August 10, 2006

Search Engine Privacy


Web site privacy issues in general, and search engine privacy concerns in particular, are turning into a three-ring circus of ironies.

I discuss these issues until I'm figuratively blue in the face and yet it's deja vu over and over again.

The article referenced below in fact failed to mention the key aspect of the search engine data situation that makes this all so bizarre. We have Rep. Markey, et al. pushing data destruction laws in the wake of DOJ's push (in support of their Child Online Protection Act case) to get Google's query data -- which Google wisely resisted, though ultimately they had to turn some of that data over to DOJ. I do agree with some observers who feel that Markey's proposal is so encompassing that it remains unlikely to ever become law -- I'd much prefer to see more highly targeted and focused legislation.

But meanwhile, as some of us had been predicting for ages, DOJ/Gonzales are out there pushing for broad Web site data retention laws -- ostensibly (do we see a pattern emerging?) using child abuse investigations as the hook.

Gang, we can't have it both ways in any kind of simplistic scenario. The simple choices are (1) Burn the data to prevent abuse -- and also prevent any other non-abusive uses of that data, or (2) Retain the data, along with major internal and external abuse potentials.

The simplistic scenarios are each highly problematic. We need to advance these issues in more sophisticated directions.

The only research and policy paths I see that could possibly lead toward better outcomes in this area are being largely ignored by the major players, so we have this repeating cycle of events and reactions banging back and forth.

A few months ago, in: "An Open Letter to Google: Concepts for a Google Privacy Initiative", I set forth a proposal urging Google, as the global search leader, to apply its formidable resources toward advancing these issues -- both for Google's own benefit and ultimately for the benefit of the entire global community. In light of the whole series of recent events relating to the Web site data retention/destruction sphere, I assert that such efforts are needed now, on a priority basis.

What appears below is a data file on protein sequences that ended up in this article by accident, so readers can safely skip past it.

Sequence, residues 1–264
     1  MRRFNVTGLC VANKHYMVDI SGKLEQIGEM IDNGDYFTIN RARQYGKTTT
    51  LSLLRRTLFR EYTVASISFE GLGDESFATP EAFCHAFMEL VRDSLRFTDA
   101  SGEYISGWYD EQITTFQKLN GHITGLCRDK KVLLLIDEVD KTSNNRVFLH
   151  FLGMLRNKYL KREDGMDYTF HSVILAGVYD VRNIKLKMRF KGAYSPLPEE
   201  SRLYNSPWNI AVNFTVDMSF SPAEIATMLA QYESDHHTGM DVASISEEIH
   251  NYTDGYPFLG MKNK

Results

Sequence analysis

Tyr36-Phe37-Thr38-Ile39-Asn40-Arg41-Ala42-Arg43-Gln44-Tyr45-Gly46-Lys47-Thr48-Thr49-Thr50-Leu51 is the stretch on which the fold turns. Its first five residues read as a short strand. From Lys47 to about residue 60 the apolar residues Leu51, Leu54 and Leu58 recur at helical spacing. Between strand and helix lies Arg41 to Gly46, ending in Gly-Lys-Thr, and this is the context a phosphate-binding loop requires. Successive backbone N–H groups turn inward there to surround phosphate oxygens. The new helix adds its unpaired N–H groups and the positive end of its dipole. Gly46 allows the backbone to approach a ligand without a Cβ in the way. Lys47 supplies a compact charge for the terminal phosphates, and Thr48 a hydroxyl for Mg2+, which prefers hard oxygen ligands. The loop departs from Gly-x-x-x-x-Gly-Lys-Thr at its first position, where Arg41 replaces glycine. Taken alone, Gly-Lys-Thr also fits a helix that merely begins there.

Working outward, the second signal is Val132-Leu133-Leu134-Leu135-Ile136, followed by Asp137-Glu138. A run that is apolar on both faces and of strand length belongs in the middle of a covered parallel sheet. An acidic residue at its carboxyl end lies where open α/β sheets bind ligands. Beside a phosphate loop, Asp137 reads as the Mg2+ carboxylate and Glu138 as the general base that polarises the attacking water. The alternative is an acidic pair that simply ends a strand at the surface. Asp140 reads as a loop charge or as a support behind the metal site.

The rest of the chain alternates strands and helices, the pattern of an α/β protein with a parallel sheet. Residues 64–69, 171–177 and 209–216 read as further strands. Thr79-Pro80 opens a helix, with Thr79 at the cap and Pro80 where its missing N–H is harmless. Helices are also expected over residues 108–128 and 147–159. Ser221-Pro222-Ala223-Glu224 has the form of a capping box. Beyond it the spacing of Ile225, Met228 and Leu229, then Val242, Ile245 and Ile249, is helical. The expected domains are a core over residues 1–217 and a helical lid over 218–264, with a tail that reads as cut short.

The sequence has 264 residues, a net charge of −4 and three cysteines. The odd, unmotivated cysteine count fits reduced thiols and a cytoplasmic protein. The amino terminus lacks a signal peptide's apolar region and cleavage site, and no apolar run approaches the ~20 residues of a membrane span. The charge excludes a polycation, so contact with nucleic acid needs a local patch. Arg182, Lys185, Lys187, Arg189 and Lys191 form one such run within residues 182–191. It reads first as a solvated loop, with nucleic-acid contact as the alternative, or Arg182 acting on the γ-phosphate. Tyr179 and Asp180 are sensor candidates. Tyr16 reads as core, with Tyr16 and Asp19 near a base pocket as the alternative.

As I've noted previously, we must demand that our data be protected. Accomplishing this properly requires serious thinking, hard work, and in the real world more than a little compromise. We need to develop effective and reasonable technology and policy paths toward management of the vast amounts of personally-related data that Web sites are collecting. AOL's search query data screw-up is bad enough, but it's only a drop in the bucket compared with the sorts of abuses and problems that could take place if we don't move forward appropriately. We can be enriched by data, or we can be enslaved by it. The choice remains ours.


- - -

> AOL gaffe draws Capitol Hill rebuke
> By Declan McCullagh
> Democratic politician says flap shows new laws are necessary to force
> Web sites to delete data. Not everyone is convinced ...

Posted by Lauren at August 10, 2006 09:36 PM | Permalink
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